Moroccan man jailed on terror charges can lose French nationality

Prime minister Manuel Valls

France can strip a French-Moroccan man convicted of terrorism-related crimes of his French nationality, the country’s constitutional council has ruled.

The authority, whose 12 members are known as les sages (the wise), declared on Friday that the fight against terrorism justified what lawyers lambasted as unequal treatment of those who become French compared with those who are born French.

France is currently dealing with the causes and consequences of a series of terrorist attacks that began when gunmen killed 12 people at the offices of the satirical magazine Charlie Hebdo just over two weeks ago.

The council had been asked to rule on the case of Ahmed Sahnouni, a Moroccan-born man naturalised in 2003, who was convicted and given a seven-year prison sentence in March 2013 for “association with criminals in relation to a terrorist plot”.

Due for release at the end of 2015, Sahnouni was stripped of his French nationality last May by a decree signed by the prime minister, Manuel Valls, and the interior minister, Bernard Cazeneuve, but he contested the punishment.

The council’s decision will set a legal precedent for future cases.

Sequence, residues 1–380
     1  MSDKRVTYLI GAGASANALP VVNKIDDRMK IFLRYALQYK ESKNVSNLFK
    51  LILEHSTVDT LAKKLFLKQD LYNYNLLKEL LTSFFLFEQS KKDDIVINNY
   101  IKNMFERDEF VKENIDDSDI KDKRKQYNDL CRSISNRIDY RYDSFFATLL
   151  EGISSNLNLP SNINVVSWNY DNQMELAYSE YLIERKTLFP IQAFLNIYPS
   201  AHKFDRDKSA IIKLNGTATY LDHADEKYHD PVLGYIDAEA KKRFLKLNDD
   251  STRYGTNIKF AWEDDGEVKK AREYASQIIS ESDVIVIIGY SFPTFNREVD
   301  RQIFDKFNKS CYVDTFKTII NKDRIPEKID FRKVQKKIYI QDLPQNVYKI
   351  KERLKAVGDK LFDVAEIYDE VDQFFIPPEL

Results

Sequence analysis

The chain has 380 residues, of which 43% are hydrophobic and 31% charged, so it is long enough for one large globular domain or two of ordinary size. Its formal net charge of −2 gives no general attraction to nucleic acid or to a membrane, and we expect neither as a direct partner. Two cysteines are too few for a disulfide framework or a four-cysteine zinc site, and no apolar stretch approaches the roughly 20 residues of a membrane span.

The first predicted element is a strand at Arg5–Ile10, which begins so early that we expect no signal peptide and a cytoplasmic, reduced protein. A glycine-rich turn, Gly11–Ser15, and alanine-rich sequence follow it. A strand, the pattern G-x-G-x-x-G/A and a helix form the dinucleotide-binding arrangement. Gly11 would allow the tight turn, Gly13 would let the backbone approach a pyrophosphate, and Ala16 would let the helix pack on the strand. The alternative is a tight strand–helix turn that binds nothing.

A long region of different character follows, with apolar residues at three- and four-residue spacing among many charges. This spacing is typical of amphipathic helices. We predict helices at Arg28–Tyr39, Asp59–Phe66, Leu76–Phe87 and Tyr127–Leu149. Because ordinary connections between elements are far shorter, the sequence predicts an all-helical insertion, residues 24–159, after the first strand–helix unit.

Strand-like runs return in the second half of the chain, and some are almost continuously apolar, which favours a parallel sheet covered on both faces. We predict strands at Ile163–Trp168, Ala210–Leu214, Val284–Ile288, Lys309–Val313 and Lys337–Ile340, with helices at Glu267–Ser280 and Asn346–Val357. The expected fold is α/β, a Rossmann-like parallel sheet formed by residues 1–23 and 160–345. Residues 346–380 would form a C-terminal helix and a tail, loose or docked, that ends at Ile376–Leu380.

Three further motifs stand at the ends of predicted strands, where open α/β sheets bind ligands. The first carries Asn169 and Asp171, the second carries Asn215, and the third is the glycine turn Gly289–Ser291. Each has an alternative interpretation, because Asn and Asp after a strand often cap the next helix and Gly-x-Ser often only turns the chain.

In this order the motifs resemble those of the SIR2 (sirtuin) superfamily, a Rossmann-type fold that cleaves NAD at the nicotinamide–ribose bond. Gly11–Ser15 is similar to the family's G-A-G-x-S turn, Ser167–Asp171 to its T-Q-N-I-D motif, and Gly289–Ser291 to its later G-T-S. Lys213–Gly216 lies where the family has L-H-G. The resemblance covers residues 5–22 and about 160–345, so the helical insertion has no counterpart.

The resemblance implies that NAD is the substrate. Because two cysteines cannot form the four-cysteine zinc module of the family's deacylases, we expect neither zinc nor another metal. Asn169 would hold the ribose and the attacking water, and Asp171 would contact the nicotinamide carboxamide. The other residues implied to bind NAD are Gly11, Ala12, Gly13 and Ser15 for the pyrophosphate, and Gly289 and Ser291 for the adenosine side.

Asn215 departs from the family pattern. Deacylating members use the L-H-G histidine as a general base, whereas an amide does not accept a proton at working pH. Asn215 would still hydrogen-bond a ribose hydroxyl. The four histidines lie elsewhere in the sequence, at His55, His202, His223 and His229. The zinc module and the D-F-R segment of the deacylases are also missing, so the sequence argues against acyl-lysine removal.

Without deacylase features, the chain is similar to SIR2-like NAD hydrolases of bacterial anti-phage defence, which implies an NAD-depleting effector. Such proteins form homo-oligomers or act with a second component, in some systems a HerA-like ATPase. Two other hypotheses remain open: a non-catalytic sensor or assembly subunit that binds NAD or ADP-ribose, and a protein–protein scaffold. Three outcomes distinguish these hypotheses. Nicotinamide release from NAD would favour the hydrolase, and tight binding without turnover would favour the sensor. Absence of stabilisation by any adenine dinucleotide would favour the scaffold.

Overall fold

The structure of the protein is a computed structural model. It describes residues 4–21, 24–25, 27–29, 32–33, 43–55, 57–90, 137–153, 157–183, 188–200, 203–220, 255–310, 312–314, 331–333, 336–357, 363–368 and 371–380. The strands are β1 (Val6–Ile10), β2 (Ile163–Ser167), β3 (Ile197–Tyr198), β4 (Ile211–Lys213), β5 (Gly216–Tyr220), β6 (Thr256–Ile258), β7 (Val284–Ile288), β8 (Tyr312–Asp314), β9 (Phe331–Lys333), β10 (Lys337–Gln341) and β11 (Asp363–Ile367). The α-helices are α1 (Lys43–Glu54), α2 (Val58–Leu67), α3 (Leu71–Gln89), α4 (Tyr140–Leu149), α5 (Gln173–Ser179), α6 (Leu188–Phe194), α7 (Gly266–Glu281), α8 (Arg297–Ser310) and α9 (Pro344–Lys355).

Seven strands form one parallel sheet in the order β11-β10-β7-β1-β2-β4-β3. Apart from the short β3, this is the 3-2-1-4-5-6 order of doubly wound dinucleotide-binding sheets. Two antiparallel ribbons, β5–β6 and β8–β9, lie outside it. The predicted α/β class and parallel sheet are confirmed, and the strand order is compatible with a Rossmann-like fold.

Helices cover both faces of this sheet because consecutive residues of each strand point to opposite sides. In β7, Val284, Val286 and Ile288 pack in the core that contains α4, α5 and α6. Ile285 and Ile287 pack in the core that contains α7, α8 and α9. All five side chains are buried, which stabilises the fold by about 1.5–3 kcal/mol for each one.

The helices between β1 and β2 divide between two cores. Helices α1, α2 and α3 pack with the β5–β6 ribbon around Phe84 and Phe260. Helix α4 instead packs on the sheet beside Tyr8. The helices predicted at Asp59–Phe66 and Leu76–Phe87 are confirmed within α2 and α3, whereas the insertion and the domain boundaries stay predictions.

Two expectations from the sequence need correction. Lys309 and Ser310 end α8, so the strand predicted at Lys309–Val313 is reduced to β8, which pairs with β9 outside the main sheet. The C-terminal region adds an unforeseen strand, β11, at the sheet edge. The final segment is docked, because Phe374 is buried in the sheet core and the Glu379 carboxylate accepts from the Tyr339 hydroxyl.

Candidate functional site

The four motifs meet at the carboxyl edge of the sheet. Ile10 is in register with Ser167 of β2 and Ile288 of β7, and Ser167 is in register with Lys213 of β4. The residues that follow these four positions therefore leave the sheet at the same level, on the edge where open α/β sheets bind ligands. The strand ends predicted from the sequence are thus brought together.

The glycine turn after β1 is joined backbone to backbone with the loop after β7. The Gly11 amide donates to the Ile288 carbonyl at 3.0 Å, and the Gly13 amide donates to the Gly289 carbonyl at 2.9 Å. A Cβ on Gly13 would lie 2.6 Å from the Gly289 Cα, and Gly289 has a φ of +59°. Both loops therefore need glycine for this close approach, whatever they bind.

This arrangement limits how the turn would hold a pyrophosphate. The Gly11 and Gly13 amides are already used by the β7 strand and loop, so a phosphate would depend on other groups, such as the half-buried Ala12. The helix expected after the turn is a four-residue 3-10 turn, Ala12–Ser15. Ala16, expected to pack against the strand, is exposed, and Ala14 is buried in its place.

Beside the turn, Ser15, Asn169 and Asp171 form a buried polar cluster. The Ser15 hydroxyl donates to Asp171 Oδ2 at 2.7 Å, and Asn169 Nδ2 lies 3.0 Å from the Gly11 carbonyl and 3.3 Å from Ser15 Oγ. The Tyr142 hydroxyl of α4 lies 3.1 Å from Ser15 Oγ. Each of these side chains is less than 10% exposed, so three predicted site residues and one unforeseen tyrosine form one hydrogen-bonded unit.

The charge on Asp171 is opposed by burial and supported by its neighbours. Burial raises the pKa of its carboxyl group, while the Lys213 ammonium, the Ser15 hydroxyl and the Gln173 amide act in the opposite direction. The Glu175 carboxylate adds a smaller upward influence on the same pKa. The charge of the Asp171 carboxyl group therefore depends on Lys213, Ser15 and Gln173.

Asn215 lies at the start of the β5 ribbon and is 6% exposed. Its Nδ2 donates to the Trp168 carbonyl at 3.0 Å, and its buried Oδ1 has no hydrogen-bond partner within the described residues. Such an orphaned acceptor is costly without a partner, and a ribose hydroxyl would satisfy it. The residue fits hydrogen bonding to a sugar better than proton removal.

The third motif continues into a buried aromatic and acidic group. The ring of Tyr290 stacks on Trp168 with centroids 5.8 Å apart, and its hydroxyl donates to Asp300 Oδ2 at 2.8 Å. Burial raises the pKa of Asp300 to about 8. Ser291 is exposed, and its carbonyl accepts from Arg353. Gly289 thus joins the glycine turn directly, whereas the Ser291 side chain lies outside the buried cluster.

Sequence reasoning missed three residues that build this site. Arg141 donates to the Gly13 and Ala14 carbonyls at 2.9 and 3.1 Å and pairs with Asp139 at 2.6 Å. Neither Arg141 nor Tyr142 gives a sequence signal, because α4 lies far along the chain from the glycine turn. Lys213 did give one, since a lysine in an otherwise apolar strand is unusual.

Earlier this week, Valls said the removal of a person’s nationality “is a legitimate question that arises regarding the consequences to which a person exposes themselves when they decide to attack the nation to which they belong because they were born there or have been accepted there”.

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Stripping convicted prisoners of their nationality is a threat that has been made by the far-right Front National party, and the opposition rightwing UMP party, but has been used in only eight cases since 1973.

The punishment can be applied only in rare cases concerning those holding dual nationality, having acquired French citizenship, who have been convicted of “a crime or offence constituting an act of terrorism” either before they became French or within 15 years of being naturalised.

Sahnouni’s lawyer, Nurettin Meseci, argued before the council that the removing of his French nationality was discriminatory and created an “inequality between those who are French-born and those who are French-naturalised”.

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